After a series of high-profile lawsuits that mandated some of Big Tobacco's profits go to public service education campaigns, the industry has spent a lot of time and money advertising its altruistic side, while far less is being spent actually funding those community programs being hyped.

And there is always more. Just yesterday, a study showed that Indiana -- a major tobacco-growing state -- actually loses money because of tobacco. Profits and tax revenue generated by tobacco production and sales is far outweighed by the resulting costs associated with health-care and decreased productivity due to tobacco-related illness and death.

But even with such evidence, tobacco companies are freer in the US than many other parts of the world. Appeals have shrunk the monetary awards resulting from those suits to negligible amounts, and tobacco again looks untouchable in this country. Last week the Illinois Supreme Court reversed a lower-court verdict penalizing Philip Morris over $10 million for defrauding customers into thinking its "light" cigarettes were less dangerous.

As ever, it keeps friends in high places to ensure that regulations like those in Uganda, China, and Australia do not happen at home. For example, Philip Morris and R.J. Reynolds reportedly supplied now-sullied Texas Senator Tom DeLay with their corporate jets as he flew from campaign fundraiser to campaign fundraiser.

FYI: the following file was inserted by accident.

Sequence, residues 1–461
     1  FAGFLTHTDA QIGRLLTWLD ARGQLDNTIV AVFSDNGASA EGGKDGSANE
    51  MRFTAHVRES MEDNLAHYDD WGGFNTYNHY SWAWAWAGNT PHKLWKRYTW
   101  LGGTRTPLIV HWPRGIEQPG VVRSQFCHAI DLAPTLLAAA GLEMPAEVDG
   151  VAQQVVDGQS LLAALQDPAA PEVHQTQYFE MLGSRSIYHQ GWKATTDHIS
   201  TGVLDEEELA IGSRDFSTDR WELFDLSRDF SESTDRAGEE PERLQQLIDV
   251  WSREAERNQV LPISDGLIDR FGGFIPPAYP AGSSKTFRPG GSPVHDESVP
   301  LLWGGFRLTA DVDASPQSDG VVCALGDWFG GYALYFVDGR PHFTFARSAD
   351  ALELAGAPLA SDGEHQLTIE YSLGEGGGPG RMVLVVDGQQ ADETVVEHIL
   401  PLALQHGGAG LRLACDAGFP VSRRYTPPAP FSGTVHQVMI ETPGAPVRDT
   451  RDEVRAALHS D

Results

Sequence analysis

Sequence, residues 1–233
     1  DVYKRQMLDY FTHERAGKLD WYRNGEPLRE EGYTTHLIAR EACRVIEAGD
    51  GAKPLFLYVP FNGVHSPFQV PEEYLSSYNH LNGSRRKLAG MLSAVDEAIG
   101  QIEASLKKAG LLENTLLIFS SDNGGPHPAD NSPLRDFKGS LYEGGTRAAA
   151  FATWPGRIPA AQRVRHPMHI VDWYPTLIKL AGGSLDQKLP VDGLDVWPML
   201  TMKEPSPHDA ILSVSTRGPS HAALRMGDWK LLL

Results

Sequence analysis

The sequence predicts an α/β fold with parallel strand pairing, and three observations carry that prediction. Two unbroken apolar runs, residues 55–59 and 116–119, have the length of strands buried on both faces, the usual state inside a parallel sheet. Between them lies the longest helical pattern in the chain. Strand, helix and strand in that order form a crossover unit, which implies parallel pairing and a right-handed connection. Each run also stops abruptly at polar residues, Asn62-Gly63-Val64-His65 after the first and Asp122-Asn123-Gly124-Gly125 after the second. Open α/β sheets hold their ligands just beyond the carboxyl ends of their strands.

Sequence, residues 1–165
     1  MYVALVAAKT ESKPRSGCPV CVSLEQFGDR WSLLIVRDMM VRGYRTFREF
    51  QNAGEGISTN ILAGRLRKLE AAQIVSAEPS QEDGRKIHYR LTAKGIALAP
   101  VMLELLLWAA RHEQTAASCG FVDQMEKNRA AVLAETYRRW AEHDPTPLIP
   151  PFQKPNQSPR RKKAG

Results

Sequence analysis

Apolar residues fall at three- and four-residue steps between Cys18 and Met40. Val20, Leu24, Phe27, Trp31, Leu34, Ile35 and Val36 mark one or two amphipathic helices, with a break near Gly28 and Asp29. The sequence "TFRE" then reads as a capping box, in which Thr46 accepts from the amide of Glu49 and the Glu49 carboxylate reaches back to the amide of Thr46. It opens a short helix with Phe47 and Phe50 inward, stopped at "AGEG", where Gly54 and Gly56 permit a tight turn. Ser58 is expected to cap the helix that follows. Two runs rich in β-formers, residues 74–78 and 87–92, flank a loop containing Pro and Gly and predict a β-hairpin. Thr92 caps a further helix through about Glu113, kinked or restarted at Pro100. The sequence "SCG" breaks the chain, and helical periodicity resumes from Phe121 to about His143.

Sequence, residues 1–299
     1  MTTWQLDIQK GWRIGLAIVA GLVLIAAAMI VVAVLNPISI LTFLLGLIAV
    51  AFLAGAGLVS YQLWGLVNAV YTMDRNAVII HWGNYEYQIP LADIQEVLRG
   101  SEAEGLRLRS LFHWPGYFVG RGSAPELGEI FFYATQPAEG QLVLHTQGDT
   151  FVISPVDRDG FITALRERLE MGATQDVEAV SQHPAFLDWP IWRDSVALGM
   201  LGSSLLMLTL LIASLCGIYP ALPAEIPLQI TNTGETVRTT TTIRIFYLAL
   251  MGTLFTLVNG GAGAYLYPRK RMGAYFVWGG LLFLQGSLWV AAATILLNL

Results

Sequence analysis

From an Associated Press story today:

R.J. Reynolds let DeLay use a company plane at least nine times since 1999, once joining Philip Morris in making jets available for a DeLay PAC fundraiser at a Puerto Rican resort in winter 2002. R.J. Reynolds spokesman David Howard said planes are loaned usually at lawmakers' request and are only done if jets aren't needed for company business.

"It's much more convenient as opposed to your regular commercial travel," Howard said, noting there is no need to go through airport security.

On R.J. Reynolds' planes, smoking is allowed and there are usually beverages and deli-style food. There's more leg room and the convenience of phones.

The smoking rule suits DeLay, who likes to chomp on cigars while golfing and reported spending at least $1,930 in PAC money on cigar-shop purchases. The cigars were reported to the Federal Election Commission as donor gifts.

It's business as usual in Marlboro country.

Is Wal-Mart Good for You?

Posted by Brooke Shelby Biggs on June 27th, 2005

"Progressive" economist Jason Furman and Barbara Ehrenreich are currently engaged in an eye-opening dialogue over at Slate. He presents the old red-herring argument that boild down to "What do you elitist liberals have against saving working people money?"

He makes some points I'll concede that I think critics should internalize: it isn't the low prices we object to, it's the way Wal-Mart treats people. If anything, the efficiencies that allow Wal-Mart to have such low prices do not require that the company abuse its employees, fail to provide a living wage or the most basic benefits, or to source product from factories that abuse people oversees. Wal-Maerts low prices, and its low regard for its own employees has been proven to depress wages in the communities where it operates. If Wal-Mart is so clever, why doesn't it innovate when it comes to how it treats human beings? Why doesn't it spend as much money actually improving communities as it does telling us about how it improves communities?